“Have You Milked The Cows Today?” (11:30am–12:30pm)
Milk CowsMeet on brick apron to right of the Mass. Ave. door of First Parish Unitarian Church, Zero Church St. Look for the bright red rug! For Children Ages 4-12. (Must be accompanied by a responsible adult).
Mistress Elizabeth, an 18th century living history character from Charlestown-Beyond-the-Neck, is the widow of Captain Elias de la Rue and a sometime schoolteacher and lives in the summer of 1773. Mistress Elizabeth will teach attendees how to write their name with a quill pen, card and spin wool, and read the abecedarium from a hornbook. Join us in singing songs and dancing country dances, too! Materials will be provided. Questions? 781-646-3013 or

The Longfellow House Presents the Dead Writers Showcase (12-3pm)
Dead WritersMeet in the garden at Longfellow House-Washington’s HQ National Historic Site, 105 Brattle St.
Join this modern literary salon featuring living history performers portraying 19th Century American writers. Drop in at any time to chat informally with the authors, who will offer brief readings from their works throughout the afternoon. You may meet Richard Henry Dana Jr. (Daniel Berger-Jones), Margaret Fuller (Jessa Piaia), Nathaniel Hawthorn (Rob Velella), Julia Ward Howe (Libby Franck), Washington Irving (John Dennis Anderson), Harriet Beecher Stowe (Susan Lenoe) and Henry David Thoreau (Richard Smith). [Writers attending may change.] Questions? Call 617-876-4491

Streets & Squares of Cambridge: A Walk In Mount Auburn Cemetery (1-2:30pm)
Mt. Auburn CemeteryMeet at front gate of Mount Auburn Cemetery, 580 Mount Auburn St.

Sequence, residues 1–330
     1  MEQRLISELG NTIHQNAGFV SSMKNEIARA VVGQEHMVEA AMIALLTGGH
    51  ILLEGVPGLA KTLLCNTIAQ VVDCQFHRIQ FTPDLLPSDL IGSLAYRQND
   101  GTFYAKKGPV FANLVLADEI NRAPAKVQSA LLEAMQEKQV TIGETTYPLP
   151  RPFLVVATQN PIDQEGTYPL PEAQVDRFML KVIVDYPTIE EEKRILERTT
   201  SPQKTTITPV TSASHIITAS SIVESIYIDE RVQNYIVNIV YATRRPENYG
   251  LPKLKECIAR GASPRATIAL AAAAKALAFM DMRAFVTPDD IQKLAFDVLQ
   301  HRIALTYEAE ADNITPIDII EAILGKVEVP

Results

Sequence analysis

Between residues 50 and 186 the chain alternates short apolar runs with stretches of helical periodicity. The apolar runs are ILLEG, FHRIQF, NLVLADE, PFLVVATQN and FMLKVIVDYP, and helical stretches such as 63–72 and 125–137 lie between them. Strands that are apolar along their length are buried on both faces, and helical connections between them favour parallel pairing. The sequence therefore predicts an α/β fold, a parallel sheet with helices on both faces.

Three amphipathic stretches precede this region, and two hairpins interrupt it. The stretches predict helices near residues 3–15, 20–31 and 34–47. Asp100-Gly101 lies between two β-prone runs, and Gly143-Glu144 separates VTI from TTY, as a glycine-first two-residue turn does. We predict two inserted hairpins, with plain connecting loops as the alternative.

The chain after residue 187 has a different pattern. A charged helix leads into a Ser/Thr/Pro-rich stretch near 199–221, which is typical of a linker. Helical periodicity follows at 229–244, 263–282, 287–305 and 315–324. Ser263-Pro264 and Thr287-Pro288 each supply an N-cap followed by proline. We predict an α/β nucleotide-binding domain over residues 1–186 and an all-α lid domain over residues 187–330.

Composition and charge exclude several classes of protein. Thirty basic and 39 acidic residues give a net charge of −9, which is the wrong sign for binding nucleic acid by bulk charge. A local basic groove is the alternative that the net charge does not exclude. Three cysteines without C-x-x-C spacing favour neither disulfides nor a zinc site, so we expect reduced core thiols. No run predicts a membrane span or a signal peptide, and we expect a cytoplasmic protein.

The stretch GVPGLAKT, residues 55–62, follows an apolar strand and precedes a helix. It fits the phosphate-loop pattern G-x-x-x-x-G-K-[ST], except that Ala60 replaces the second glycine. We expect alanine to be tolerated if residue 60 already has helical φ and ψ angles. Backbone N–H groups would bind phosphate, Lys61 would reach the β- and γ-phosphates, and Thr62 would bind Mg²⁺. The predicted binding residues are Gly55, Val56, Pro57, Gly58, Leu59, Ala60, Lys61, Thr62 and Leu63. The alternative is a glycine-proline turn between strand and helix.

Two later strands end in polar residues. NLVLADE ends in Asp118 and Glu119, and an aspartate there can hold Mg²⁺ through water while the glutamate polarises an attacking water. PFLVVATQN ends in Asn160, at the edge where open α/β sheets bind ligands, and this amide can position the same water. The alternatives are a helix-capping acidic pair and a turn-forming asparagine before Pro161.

Have you ever wondered for whom the streets and squares of Cambridge are named? This tour will introduce you to the honored namesakes, including Zachariah Porter, Joseph Buckingham, Jared Sparks, Morrill Wyman, John Appleton, the Rindge family and many others. Their ideas and contributions — from the Porterhouse steak to the founding of Mount Auburn Hospital — helped create our culture and our city. Led by Carol Harper, volunteer docent. Questions? 617-607-1980 or or

Agents of Change: Polity & Politics in Cambridge Churches (1-2:30pm)
Agents of ChangeMeet at the information kiosk, Harvard Square.
Diversity of religious and political affiliations have been issues in Cambridge since Harvard’s first president became a Baptist and was asked to resign. Visit historic church sites; learn about the impact on New England of England’s Civil War of 1640 (the other civil war: Roundheads vs Royalists); and discuss how issues between Cambridge and Boston clergy foreshadowed and influenced events leading up to the Revolution. Sing a tune from the Bay Psalm Book at the site where it was published, join in a rousing political song or two at the Blue Anchor Tavern site, and listen to poetry by colonial writers. Handout included. Your guide, Mistress Elizabeth, is an 18th Century living history character from Charlestown-Beyond-the-Neck. The widow of Captain Elias de la Rue and a sometime schoolteacher, Mistress Elizabeth lives in the summer of 1773, just six months before the Boston Tea Party and a little less than two years before events at Lexington and Concord. Questions? 781-646-3013 or